WWE’s scheduled Crown Jewel event in Saudi Arabia on November 2 is currently the focus of various media outlets this week, including a report by CNBC.
The article, along with other media, have pointed out the sudden disappearance of Saudi national and United States resident Jamal Khashoggi, a journalist for the Washington Post. Khashoggi went missing last week after entering the Saudi consulate in Istanbul.
Turkish authorities are claiming Khashoggi, a vocal critic of Crown Prince Mohammed bin Salman’s regime, was murdered by Saudi agents. Saudi officials from Riyadh have denied the claim, stating Khashoggi left the consulate shortly after he arrived last week.
Turkish authorities told the Washington Post they have audio recordings proving Khashoggi was “killed and dismembered at the behest of the Saudi government” inside the consulate in Turkey, noting he was detained by a Saudi security team upon entering.
When contacted for comment about the current situation involving Khashoggi, a WWE representative issued a brief statement this week.
“We are currently monitoring the situation.”
Sports Illustrated is featuring a quote from New Jersey Democrat Bob Menendez, who called on the Trump administration and Linda McMahon about the situation.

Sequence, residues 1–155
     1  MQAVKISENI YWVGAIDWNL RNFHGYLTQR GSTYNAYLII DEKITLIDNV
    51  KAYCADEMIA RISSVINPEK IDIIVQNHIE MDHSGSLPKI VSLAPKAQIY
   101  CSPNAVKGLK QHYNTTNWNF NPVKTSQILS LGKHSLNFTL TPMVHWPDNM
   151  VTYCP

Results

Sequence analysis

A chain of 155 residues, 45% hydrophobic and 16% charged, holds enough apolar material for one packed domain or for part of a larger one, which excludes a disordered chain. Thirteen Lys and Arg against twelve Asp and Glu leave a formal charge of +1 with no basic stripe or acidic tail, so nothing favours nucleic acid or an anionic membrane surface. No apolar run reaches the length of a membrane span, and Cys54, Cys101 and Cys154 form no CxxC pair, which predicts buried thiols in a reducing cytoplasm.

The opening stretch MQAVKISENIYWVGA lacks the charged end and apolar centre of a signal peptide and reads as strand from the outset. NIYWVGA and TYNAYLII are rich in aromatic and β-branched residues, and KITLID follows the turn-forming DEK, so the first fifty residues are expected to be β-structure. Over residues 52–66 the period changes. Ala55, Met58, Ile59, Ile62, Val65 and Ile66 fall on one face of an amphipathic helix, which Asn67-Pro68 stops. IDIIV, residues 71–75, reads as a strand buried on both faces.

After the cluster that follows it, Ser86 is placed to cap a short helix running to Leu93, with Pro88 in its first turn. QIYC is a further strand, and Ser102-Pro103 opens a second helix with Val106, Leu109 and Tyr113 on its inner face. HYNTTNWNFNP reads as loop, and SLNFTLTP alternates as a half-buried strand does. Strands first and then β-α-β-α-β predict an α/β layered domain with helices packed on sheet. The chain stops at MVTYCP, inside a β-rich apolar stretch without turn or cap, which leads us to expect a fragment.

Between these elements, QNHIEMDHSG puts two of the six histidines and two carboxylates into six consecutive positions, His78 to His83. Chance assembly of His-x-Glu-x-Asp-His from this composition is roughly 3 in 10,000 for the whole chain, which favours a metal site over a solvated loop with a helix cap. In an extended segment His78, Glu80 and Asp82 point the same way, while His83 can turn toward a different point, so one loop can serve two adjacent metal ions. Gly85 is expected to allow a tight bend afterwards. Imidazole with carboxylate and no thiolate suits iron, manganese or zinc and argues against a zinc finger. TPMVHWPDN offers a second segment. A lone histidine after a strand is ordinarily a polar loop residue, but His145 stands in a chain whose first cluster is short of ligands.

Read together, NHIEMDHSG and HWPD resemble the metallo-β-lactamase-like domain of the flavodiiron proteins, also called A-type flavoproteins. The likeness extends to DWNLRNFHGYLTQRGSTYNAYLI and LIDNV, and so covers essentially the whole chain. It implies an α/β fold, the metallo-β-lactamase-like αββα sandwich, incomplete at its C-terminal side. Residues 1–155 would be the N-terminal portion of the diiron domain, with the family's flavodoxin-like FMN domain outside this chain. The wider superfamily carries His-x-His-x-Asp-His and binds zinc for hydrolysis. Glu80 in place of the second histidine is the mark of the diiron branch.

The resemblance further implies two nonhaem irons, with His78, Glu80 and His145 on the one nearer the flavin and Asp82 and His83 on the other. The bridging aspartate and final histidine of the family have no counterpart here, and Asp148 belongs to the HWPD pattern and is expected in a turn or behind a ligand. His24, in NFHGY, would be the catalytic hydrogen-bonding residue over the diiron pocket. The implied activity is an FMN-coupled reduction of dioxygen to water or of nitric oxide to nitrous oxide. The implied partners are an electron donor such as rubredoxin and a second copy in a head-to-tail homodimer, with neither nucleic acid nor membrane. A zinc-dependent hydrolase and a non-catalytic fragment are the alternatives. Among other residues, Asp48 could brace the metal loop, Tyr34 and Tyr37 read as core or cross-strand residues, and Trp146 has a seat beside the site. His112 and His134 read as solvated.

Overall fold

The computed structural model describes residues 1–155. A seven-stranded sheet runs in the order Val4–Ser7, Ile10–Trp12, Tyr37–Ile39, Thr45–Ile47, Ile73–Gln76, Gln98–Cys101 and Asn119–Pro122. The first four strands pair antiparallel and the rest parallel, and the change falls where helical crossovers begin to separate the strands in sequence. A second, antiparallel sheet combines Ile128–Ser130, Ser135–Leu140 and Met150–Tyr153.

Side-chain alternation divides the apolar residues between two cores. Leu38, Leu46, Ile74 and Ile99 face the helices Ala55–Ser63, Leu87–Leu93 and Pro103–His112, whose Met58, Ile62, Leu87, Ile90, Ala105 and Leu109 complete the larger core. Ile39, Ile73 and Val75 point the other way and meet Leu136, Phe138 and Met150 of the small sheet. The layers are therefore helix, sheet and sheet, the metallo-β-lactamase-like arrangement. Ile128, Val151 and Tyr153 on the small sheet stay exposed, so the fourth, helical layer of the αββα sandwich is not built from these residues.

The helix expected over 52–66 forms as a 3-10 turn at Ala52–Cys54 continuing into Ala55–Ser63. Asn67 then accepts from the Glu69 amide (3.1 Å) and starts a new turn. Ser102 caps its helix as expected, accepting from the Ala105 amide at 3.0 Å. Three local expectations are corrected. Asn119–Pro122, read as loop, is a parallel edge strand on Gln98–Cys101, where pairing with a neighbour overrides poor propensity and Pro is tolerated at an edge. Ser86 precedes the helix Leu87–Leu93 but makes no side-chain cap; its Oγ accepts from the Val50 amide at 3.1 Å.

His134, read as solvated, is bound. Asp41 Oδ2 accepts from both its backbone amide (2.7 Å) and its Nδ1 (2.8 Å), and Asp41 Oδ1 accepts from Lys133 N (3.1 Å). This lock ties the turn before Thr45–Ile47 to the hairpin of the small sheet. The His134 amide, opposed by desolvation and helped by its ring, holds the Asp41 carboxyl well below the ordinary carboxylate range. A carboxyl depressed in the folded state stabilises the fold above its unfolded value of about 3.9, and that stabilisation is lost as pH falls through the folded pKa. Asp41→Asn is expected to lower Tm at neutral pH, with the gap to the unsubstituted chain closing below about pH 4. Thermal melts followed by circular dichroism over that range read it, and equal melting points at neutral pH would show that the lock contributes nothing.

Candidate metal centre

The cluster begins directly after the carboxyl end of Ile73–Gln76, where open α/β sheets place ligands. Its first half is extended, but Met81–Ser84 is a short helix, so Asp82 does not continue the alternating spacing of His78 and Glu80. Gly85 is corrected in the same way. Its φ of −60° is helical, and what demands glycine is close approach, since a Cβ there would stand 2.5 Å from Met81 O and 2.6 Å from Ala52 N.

“Private enterprise is private enterprise, different than a governmental entity…but because [Linda McMahon] is part of the president’s cabinet, it falls into the grey area where the administration really should give it some thought and maybe even prevail upon them not doing it.”
Democrat Chris Murphy of Connecticut also commented on the situation.
“I’d hope that they would be rethinking their relationship with the kingdom especially with respect to events coming up in the next weeks like [Crown Jewel].”
WWE came to terms on a multi-million dollar deal with Saudi Arabia, in what was described as a “10-year strategic multiplatform partnership in support of Vision 2030, Saudi Arabia’s social and economic reform program.”
As reported earlier this week, Crown Jewel was moved to a new location from King Fahd International Stadium to the much smaller King Saud University Stadium in Riyadh. That stadium houses around 20,000 seats, compared to the 68,000 seats at King Fahd.